Home inspections should include the use of Thermal Imaging.
Infrared Thermography (IR), or more commonly referred to as Thermal Imaging, is a technology developed for use by the Defense Department; however, it provides a tool that has become very powerful for other industries, especially the Home Inspection industry. In years past, IR cameras were prohibitively expensive; only recently have the costs of the technology become low enough to be feasible for use by home inspectors, etc.
An IR camera basically takes infrared energy given off by an object and converts it into colors visible to the naked eye. This technology is very advanced, but the use of the camera is very basic. The colors shown by the camera can, with a little interpretation, represent temperatures of an object, or in this case components in a home. It is in understanding what these temperature differences can be caused by that becomes invaluable in a home inspection. For example, when water evaporates, it tends to cool the surface that it evaporates from. If a home is experiencing moisture penetration through a basement wall, or if there is an active roof leak that is not visible because the signs of wetness have dried up since the last rain, the IR camera may be able to identify the leak due to the cool surface where evaporation is still occurring. Using this logic, the camera can also be used to detect defects in: plumbing (some leaks are to slow to cause the surrounding surfaces to become visibly wet), HVAC (loss of conditioned air in duct system…), electrical (overheating of components), insulation (missing or improperly installed), even some wood destroying insect infestations that are otherwise concealed to the naked eye can be found due to the heat termite colonies generate.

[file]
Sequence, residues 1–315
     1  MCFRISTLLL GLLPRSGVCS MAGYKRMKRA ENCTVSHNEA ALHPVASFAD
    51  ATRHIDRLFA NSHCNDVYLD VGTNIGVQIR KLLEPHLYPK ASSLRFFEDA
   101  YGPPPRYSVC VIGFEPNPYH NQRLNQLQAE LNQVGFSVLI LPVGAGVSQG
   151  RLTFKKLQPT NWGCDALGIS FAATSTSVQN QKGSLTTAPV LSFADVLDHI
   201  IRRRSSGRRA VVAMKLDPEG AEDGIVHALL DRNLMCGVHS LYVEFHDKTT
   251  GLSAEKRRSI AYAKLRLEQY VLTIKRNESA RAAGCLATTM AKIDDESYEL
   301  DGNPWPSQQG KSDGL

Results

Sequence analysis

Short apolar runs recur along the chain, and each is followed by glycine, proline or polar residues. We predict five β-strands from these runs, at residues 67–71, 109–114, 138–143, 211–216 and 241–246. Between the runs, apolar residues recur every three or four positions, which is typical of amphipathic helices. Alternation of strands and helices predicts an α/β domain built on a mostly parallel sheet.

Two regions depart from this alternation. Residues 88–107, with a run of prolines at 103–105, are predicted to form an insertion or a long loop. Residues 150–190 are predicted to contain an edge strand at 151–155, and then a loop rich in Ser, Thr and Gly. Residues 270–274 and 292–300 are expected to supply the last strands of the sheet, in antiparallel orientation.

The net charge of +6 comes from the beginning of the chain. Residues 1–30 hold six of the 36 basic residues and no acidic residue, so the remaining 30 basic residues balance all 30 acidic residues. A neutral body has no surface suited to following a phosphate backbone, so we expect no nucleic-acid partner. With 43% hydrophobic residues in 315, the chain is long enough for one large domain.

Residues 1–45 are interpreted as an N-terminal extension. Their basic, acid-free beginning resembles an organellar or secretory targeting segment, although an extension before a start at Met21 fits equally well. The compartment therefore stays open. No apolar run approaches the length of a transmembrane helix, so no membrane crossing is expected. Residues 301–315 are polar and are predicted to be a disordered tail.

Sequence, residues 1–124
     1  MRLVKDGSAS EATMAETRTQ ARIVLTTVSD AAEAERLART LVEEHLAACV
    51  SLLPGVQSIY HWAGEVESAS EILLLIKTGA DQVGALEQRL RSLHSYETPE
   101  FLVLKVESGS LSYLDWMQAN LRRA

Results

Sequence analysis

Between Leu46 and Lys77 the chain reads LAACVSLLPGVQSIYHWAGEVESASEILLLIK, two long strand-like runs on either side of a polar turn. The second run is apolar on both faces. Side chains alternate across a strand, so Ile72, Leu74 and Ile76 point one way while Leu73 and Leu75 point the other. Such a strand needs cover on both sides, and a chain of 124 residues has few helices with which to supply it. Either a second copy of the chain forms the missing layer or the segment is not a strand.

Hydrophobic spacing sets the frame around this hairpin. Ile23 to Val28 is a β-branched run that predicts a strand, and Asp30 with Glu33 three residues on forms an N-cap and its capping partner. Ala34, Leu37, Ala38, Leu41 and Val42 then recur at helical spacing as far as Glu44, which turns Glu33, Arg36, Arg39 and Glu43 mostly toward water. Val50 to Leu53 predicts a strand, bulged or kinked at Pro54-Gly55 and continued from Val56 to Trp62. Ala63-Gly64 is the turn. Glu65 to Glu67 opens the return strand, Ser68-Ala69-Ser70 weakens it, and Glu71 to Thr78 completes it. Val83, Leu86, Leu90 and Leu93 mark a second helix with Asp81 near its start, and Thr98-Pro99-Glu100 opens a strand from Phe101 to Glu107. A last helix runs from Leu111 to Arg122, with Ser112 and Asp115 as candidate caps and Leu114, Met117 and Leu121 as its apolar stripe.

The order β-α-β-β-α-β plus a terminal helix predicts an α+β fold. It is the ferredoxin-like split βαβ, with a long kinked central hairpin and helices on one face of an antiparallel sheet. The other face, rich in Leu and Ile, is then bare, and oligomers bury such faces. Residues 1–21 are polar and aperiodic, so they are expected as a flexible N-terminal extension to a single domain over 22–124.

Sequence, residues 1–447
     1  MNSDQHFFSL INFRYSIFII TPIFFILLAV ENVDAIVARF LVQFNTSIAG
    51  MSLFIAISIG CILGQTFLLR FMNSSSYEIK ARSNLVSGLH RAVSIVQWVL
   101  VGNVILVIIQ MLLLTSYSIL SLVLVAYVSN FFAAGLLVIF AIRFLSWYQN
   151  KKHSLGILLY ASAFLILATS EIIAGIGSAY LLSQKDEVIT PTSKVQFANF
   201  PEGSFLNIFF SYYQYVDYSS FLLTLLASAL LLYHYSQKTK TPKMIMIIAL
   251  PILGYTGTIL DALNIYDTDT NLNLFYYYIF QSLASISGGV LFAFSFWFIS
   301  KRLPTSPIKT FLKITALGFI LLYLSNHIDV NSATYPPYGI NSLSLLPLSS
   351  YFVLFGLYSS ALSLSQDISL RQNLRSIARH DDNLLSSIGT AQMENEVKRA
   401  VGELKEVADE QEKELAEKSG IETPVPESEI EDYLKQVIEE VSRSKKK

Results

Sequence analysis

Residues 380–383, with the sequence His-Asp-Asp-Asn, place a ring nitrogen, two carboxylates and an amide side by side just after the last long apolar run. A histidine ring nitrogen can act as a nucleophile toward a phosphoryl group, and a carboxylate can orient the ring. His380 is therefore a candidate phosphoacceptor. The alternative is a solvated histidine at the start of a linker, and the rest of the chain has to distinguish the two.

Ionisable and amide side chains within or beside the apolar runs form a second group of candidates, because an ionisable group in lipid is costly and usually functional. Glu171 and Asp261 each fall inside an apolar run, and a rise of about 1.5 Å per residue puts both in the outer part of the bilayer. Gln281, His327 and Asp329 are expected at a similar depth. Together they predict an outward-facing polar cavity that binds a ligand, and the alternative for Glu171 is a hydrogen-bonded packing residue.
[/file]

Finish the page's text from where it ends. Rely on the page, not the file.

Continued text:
Admittedly many issues detectable by an IR camera may also be apparent without the use of the camera. However, for the few defects that would not be found during a typical visual only home inspection, the benefits can be tremendous. Slow water leaks can spread deterioration extensively before becoming apparent to the occupants; missing insulation can cause elevated utility costs and may never be apparent without the use of an IR camera, etc.
Many home inspection companies have not yet invested the resources needed to acquire good equipment and training necessary to properly perform an IR inspection. Although the cost of the cameras has come down a lot in recent years, a minimum specification camera can cost $5,000 or more; lesser cameras do function, but their level of detail may cause the thermographer to miss defects that are more readily apparent with a more powerful camera. Furthermore, many inspectors unfortunately forgo the cost of training which can be as much as $2,000. Without proper training, an inspector can miss defects, or cause as many problems as they may find.
Some home inspection companies do now offer Thermal Imaging Inspections. For most the service is in addition to the standard home inspection; limited surveys are typically $250 to $400. Some home inspection companies include IR as part of the basic home inspection because of the value it brings to the customer.kencorbitt@EPIinc.org www.epiinc.org Ken Corbitt is a guest author for HomesFortMill.com and owner of EPI, Inc. Home Inspections with over 20 years of home building, home repairs, and home inspections , and licensed in North and South Carolina.